DL man once gave record-setting taxi ride
When Swen Johanson picked up one of his regular customers, Mrs. E.A. Westman, on Aug. 22, 1946, it might have seemed like any of the other dozens of rides to and from home that Johanson had given her that summer -- until one looked at the amount of luggage being piled in the trunk.
Unlike Mrs. Westman's previous calls for her favorite cab driver, this trip was to be a bit longer than a quick jaunt into town from her home on Lake Sallie's Dakota Beach.
"I used to drive her back and forth (into Detroit Lakes and home again) every day to do her shopping," Johanson recalls.
This time, however, Johanson would be delivering his client and her two children to the place they called home for the rest of the year -- in Huntington Beach, Calif.
Though he doesn't remember exactly how long the trip took, Johanson, now 86, estimated that it was about a week and a half, round trip.
It wasn't a straight shot. There were no interstate highways in those days. The trip involved fording rivers in some places and lots of rural roads.
"When I got there, they (the Westmans) put me up for a couple of days, gave me room and board," Johanson says. During those two days, Mr. Westman gave him a tour of the area that included visits to see the island prison at Alcatraz, the Golden Gate Bridge and the wooden plane built by reclusive multimillionaire Howard Hughes.
Evidently, the Westmans considered that to be enough of a tip, because he didn't get anything extra.
"I was paid for 12-hour days, though I was driving 24 hours (a day)," Johanson says, referring to the wage paid to him by City Cab. "So I considered it as half work, half vacation."
Driving most of the day and night, Johanson took few breaks; his passengers slept in the cab. In those days, there were few wide, paved roads to make the ride smoother. He drove a long stretch of the "Lincoln Highway," Highway 30, which now parallels the route of Interstate Hwy. 80 into Wyoming.
After arriving in Huntington Beach, Johanson put an advertisement in the local newspaper, asking for passengers on the long trek back home.
He got five takers. On Aug. 28, he piled as much of the luggage from his five passengers in the trunk as he could, and tied the rest of it to the hood of the 1941 Pontiac Six.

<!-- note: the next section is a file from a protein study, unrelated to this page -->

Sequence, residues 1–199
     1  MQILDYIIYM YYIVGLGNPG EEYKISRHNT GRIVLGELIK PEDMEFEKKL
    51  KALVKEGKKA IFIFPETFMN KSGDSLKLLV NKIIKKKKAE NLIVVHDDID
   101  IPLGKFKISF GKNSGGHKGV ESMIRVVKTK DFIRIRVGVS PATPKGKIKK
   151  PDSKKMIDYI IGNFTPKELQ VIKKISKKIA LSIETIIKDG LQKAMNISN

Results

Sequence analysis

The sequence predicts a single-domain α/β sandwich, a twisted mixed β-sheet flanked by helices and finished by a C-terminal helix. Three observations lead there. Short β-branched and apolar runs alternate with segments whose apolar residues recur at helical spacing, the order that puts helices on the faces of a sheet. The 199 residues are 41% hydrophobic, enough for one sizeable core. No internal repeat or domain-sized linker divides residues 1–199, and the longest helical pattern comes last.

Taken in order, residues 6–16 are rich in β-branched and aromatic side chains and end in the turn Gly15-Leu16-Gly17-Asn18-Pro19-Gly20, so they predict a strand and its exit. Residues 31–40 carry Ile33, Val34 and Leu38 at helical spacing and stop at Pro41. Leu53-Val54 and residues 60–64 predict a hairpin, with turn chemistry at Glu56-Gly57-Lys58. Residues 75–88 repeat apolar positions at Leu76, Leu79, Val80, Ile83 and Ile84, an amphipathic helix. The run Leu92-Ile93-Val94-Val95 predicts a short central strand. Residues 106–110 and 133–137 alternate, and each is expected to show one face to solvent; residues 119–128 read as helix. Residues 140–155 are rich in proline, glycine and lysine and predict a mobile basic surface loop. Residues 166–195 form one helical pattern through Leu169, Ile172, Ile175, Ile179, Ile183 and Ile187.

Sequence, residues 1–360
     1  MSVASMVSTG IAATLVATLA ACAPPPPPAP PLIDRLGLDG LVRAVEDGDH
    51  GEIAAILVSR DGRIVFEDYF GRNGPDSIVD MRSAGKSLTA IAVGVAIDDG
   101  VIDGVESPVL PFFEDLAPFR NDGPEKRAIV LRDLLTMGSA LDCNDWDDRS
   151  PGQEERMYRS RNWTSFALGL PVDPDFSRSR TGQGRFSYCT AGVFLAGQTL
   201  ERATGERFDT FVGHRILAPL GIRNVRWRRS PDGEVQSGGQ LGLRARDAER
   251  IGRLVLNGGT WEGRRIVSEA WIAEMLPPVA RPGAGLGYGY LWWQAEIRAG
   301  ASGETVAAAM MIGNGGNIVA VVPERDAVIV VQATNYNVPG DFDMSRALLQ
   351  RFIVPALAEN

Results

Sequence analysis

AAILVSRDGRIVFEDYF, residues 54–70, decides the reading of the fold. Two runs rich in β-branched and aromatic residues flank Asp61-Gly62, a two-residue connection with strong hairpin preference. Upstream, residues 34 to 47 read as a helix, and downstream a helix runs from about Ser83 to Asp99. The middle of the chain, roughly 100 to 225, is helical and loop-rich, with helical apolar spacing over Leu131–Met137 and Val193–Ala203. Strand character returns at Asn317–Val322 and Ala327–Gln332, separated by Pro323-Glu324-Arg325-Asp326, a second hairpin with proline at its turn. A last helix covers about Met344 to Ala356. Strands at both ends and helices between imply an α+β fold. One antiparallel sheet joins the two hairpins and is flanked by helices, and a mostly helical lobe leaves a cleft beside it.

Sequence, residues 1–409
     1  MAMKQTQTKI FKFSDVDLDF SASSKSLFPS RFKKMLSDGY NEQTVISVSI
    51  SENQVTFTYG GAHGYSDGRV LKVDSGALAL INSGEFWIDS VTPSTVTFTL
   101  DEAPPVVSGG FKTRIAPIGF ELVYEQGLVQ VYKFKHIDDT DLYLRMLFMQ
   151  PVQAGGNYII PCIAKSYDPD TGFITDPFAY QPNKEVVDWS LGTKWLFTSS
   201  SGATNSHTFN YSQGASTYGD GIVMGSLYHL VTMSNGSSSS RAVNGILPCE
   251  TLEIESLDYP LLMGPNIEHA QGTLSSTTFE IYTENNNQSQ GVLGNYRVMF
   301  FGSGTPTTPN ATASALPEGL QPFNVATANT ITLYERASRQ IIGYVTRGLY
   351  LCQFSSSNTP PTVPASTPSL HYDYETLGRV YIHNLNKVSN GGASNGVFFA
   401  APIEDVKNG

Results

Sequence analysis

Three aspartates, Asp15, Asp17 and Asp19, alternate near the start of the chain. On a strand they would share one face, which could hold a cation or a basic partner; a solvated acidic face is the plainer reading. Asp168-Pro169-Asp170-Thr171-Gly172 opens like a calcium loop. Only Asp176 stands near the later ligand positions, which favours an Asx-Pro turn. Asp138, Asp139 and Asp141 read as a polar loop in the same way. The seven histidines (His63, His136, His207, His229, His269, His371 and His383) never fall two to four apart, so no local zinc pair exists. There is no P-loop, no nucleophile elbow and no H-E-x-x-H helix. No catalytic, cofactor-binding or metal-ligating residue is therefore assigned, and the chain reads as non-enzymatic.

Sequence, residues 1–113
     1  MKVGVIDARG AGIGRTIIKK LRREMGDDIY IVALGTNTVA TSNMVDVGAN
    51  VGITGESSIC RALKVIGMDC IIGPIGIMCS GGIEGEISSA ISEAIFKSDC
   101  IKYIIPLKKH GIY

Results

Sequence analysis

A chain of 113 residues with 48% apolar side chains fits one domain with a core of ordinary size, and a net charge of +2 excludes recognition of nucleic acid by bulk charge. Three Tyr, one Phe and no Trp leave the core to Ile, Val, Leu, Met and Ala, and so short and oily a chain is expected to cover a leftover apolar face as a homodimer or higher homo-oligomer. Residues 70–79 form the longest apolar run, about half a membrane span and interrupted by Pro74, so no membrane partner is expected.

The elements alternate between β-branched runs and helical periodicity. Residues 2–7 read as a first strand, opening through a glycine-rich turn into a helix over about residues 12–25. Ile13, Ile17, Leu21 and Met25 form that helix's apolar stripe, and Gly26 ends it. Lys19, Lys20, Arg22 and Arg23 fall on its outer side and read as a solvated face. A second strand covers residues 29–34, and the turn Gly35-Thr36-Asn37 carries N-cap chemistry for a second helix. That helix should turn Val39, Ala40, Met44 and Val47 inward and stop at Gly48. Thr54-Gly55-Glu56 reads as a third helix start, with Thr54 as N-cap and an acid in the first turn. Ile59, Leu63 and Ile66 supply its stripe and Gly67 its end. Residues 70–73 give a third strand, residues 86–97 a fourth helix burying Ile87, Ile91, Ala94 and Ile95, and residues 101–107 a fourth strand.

As he drove the cab through the desert and mountains on his way back to Minnesota, Johanson began to worry about whether the tires on the vehicle would hold out -- it being so soon after the end of World War II, rubber tires and other supplies were still being rationed.
"You had to be in your home county to get new tires," Johanson said. If he got a flat somewhere in between California and Minnesota, it may have been difficult to find a replacement.
As it happened, his worry was for naught: the tires held, and he delivered each of his five passengers home safely.
Not without a slightly alarming delay, however. Shortly after the heavily loaded cab arrived in Salt Lake City, Utah, Johanson was pulled over by police, who said they'd had a report of a taxi theft in Los Angeles.
Johanson spent the night in a jail cell before the local authorities were able to get in touch with City Cab in Detroit Lakes and verify his identity. His remaining passengers slept on a bench in the office at the police station. It was only a temporary setback, however, and Johanson was actually grateful for the extra night's sleep.
For many years, the 2,000-mile (one way) trip to Huntington Beach stood as the longest cab ride ever given, anywhere in the United States.
When asked what the cost of the fare had been for the Eastmans, Johanson admits, "I still don't know. I never asked."
At the time he set that record, Johanson was relatively new to the taxicab business, having gotten the job less than a day after arriving in Detroit Lakes on a train from the East Coast, having just been discharged from the U.S. Army in November 1945.
"I was met at the train by my friend Max Wickstrom, who drove a cab," Johanson says. "He wanted me to stay and ride with him, keep him company that night.
"The next morning, I got a cab of my own."
Johanson was no stranger to the Detroit Lakes area, having moved to Waubun as a 14-year-old immigrant just off the boat from Sweden, along with his mother and younger, twin brothers (his father died when he was 2). Though he had already received an education in Sweden, Johanson went to country school in the Waubun area, "so I could learn English."
When he was old enough, Johnson enlisted in the U.S. Army, and was on the front lines of the Battle of the Bulge. His strongest memory of that battle, which lasted many months, was how cold it was. "We each had two sets of clothes, and had to wear them both to keep warm."
When he came back to the U.S. and was discharged from duty, Johanson took the train from the East Coast back to Detroit Lakes, where he met Wickstrom.
Though the government would have paid him a stipend of $20 a week for 52 weeks after his discharge, Johanson opted instead to take the job driving cab -- which paid $30 a week.
"That $10 a week was a lot of money back then," he says. "I didn't want to lay around doing nothing all day anyway."
After spending about a year driving cabs by day and trucks by night, Johanson went into road construction, where he would spend the next 11 years, building some of the area's highways.
"There weren't many roads here then," he says.
Johanson later would spend 27 years driving a ready-mix concrete truck for Lakes Ready Mix in Detroit Lakes, eventually working his way up to "running the company."
Today, Johanson is retired and makes his home at Pleasant View Apartments in Detroit Lakes.